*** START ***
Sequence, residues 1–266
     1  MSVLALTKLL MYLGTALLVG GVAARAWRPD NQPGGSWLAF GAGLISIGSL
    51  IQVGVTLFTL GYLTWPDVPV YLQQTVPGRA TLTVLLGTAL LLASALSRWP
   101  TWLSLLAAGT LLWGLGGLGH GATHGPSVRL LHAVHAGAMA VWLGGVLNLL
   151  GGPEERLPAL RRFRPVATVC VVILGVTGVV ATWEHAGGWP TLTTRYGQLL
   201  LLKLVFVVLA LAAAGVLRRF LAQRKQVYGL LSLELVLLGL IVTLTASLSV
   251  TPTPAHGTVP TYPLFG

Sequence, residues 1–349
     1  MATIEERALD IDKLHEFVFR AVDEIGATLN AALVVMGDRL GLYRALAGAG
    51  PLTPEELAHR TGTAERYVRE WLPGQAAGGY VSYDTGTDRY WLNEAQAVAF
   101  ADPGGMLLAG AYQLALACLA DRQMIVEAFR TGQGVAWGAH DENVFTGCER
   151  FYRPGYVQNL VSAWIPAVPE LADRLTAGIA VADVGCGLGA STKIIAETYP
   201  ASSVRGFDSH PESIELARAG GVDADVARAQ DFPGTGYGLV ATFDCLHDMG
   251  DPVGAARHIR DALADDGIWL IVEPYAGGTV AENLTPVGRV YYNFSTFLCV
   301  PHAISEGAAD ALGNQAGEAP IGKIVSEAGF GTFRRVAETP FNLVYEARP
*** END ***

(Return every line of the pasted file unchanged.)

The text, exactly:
Sequence, residues 1–266
     1  MSVLALTKLL MYLGTALLVG GVAARAWRPD NQPGGSWLAF GAGLISIGSL
    51  IQVGVTLFTL GYLTWPDVPV YLQQTVPGRA TLTVLLGTAL LLASALSRWP
   101  TWLSLLAAGT LLWGLGGLGH GATHGPSVRL LHAVHAGAMA VWLGGVLNLL
   151  GGPEERLPAL RRFRPVATVC VVILGVTGVV ATWEHAGGWP TLTTRYGQLL
   201  LLKLVFVVLA LAAAGVLRRF LAQRKQVYGL LSLELVLLGL IVTLTASLSV
   251  TPTPAHGTVP TYPLFG

Sequence, residues 1–349
     1  MATIEERALD IDKLHEFVFR AVDEIGATLN AALVVMGDRL GLYRALAGAG
    51  PLTPEELAHR TGTAERYVRE WLPGQAAGGY VSYDTGTDRY WLNEAQAVAF
   101  ADPGGMLLAG AYQLALACLA DRQMIVEAFR TGQGVAWGAH DENVFTGCER
   151  FYRPGYVQNL VSAWIPAVPE LADRLTAGIA VADVGCGLGA STKIIAETYP
   201  ASSVRGFDSH PESIELARAG GVDADVARAQ DFPGTGYGLV ATFDCLHDMG
   251  DPVGAARHIR DALADDGIWL IVEPYAGGTV AENLTPVGRV YYNFSTFLCV
   301  PHAISEGAAD ALGNQAGEAP IGKIVSEAGF GTFRRVAETP FNLVYEARP